Re: Airgap Russia?
Last thing I want is Putin's dis-information broadcast directly onto my TV! .... vogon00
Don’t turn on the channel, vogon00. That fixes it. It aint rocket science. Democracies allow alternate views, fascist states don’t.
Stress-testing security is the only way to be sure it works. Until then, the worst security looks much the same as the best. As events in Ukraine show, leaving the stress-testing of assumptions until a threat is actually attacking is expensively useless. Yet if an untested solution is no solution at all, the problem becomes …
Fair point....I don't have to watch it if I don't want to. Same goes for other viewers.
I am all for people making their own decisions, and exercising free will as is their right, but it's just that it feels wrong to allow the government of a state most of us revile ATM for their piss-poor behaviour. Also, they are supposedly very, very good at disinformation.
There really is no excuse for invading, let alone killing civvies. Russia - get the fuck out of Ukraine.
So what if it costs a lot to repair ? That would be Russias problem if they want to rejoin the world, along with paying for damage caused to the Ukraine.
So what if it takes a long time to repair ? That would be Russias problem, and anyway will take less time than it will to repair the Ukraine.
Call both consequences a punishment if you like.
By opposing this I can only think you want to be able to reconnect to Russia asap for your own benefits ?
That depends on where they are controlled from. Anything controlled from within Russia would be unable to control botnets on the other side. Of course, if they have people located outside their borders then they would still have control, but they *may* also be more reachable by the law.
As appealing as this may seem, the internet is one of the few routes we can overcome the state owned media. We need comms routes open to those channels to remind ordinary Russians why they've seen the Rouble destroyed, again. Why their airlines aren't allowed to fly. Etc.
It's no accident that in interviews with regular Russians, it's the older generation probably with no internet that believe the tosh on broadcast media. And no accident that the protestors in Russia, are generally the a younger, more technologically aware generation.
But targetted efforts against government institutions, absolutely. Vandalise, deface, deny. By any and all means necessary.
"If you're not behaving as if your livelihood, even your life, depends on this..."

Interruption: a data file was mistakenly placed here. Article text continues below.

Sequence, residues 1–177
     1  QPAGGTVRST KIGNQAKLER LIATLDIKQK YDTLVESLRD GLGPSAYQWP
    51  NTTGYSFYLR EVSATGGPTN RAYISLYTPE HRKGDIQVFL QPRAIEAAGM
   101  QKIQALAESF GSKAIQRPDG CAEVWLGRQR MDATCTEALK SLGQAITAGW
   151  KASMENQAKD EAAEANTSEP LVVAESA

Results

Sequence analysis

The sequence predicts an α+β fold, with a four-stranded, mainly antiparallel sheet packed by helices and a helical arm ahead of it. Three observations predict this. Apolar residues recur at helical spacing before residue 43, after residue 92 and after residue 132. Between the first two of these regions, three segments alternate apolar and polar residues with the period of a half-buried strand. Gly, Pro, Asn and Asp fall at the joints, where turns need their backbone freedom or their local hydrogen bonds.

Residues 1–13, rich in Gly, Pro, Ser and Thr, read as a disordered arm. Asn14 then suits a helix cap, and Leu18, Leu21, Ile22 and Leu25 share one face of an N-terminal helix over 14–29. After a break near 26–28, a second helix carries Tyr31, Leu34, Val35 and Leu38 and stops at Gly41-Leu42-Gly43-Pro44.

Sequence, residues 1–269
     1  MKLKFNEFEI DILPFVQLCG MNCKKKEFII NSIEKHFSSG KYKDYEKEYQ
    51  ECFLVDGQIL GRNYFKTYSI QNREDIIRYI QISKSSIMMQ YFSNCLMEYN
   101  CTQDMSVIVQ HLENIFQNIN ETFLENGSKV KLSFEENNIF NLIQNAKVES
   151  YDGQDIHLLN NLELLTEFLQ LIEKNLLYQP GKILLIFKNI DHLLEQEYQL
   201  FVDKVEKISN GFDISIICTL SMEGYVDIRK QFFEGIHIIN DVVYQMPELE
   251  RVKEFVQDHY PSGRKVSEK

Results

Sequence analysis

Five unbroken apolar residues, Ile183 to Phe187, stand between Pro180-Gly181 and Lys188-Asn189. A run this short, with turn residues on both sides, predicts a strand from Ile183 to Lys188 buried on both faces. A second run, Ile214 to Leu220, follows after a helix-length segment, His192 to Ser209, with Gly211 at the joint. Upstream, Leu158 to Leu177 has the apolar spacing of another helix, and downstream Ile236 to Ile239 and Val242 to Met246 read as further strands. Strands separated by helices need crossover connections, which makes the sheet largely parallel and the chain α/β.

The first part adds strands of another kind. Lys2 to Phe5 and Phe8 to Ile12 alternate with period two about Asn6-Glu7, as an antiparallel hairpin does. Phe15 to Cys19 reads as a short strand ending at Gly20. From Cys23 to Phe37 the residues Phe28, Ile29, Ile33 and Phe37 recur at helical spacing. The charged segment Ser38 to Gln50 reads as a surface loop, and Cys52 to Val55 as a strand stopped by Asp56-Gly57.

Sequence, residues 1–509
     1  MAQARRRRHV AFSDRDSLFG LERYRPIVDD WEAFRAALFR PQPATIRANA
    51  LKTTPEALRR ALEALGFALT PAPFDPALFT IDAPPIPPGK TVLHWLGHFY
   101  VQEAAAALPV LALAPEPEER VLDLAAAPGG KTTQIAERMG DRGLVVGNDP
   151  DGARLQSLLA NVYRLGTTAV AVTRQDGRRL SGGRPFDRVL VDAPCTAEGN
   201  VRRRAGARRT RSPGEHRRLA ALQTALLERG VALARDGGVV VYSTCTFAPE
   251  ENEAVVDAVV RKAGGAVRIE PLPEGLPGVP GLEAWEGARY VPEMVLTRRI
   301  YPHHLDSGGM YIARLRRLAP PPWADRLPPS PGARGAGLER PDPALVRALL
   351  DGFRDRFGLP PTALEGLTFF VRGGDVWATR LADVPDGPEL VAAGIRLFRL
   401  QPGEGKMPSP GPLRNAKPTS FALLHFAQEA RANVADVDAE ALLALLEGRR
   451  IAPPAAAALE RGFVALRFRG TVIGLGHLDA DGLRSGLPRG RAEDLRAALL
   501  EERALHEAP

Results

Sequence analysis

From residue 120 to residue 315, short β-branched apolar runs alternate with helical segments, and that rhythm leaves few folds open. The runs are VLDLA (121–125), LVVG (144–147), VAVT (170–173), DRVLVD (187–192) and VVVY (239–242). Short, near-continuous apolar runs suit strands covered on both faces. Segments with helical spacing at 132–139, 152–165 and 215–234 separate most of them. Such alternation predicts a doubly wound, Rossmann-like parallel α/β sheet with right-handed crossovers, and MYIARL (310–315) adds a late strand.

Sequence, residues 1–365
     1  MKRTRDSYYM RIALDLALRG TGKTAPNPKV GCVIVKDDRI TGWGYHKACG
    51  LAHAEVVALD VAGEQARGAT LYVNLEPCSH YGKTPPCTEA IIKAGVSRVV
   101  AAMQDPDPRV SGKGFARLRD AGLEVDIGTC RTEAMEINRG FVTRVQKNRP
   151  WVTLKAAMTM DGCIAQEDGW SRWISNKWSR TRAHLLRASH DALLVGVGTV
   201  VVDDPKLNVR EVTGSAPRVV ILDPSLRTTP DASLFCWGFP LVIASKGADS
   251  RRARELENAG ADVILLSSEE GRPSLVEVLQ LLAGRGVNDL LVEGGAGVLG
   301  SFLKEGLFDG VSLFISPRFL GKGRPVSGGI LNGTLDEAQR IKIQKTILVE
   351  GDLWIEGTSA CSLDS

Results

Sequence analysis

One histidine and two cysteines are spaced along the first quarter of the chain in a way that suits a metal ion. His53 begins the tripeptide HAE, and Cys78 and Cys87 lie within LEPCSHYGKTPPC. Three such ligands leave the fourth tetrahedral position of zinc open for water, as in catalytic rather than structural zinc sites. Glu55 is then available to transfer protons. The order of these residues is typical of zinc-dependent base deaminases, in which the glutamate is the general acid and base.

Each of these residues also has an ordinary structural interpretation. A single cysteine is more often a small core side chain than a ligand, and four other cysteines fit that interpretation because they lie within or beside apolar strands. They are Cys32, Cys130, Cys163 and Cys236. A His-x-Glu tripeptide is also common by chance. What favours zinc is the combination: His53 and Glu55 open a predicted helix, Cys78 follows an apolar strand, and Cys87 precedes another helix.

Frantic much? A lot of fear, uncertainty and delusion in this one.
The whole article reads as if everyone is aboard an engaged nuclear submarine.
If you're depending on "password123" to save your life, GAME OVER!
But people's lives may depend on it. If you're in Ukraine and running a hospital for example. But also having a database of information that might be useful to the Russian government is now a major risk, if Russian troops turn up at your datacentre and ask for everything. Not a problem if it's just a list of electricity subscribers, but a mobile phone company holds records of people's text messages, a bookseller knows which of its customers have bought material not appproved by the Russian government. All this sort of information could be useful to a dictatorship with a sudden internal security problem - i.e. that it's just conquered a hostile population, and wants to govern them.
"...that it's just conquered a hostile population..."
Sorry, this isn't that, but we wish it was.
I know this site is about IT and as such is spinning up the IT angle, but conquering is all very physical, very visible. especially in places like the Ukraine where everything out in the open is a physical target.
if there's an air strike that can have it's roots traced back to anything computer related, then it's a tactical strike. However, when the jets, tanks, troops and mortars show up to conquer... "securePassword" just doesn't matter.
Ask any of those fleeing the Ukraine: "How secure is your password?" How demeaning would that feel to those people?
To be a bit rude, using the current war in the Ukraine for pushing some computer security agenda is misguided. Ever wonder what the refugees might think *IF* they even bother to read such an article? It's a REAL war, not some high profile computer breach... ACTUAL WAR!
> Frantic much? A lot of fear, uncertainty and delusion in this one.
Fear, yes. Uncertainty, yes. Delusion? You might want to look in the mirror...
Russia has been dabbling with cyber hacking, espionage, propaganda and theft for the last few decades. While tacitly supporting "private" hacking groups, so long as they were attacking and stealing from non-Russians.
Now, with Russia actively being at war and with embargoes slamming into place against them, we're going to get a lot of things happening.
First, a lot more of the tools being used for state-level hacking are going to leak into the public domain, simply because they're being used more. I'd expect a flurry of new zero-day exploits to appear Real Soon Now. And once those are picked up by commercial black hats, there won't be a safe server in the world.
Secondly, as with North Korea, Russian hackers are going to be targeting anything with financial value that can either be stolen or ransomed. Because their economy is about to seriously tank and they'll be desperate for money in general and foreign currency in particular.
Thirdly, you're going to get lots of amateur "affiliated" people on both sides going on hacking and defacement sprees.
And so on.
It's all going to get very very messy, and thinking "it won't affect me" is frankly more delusional than expecting trouble.
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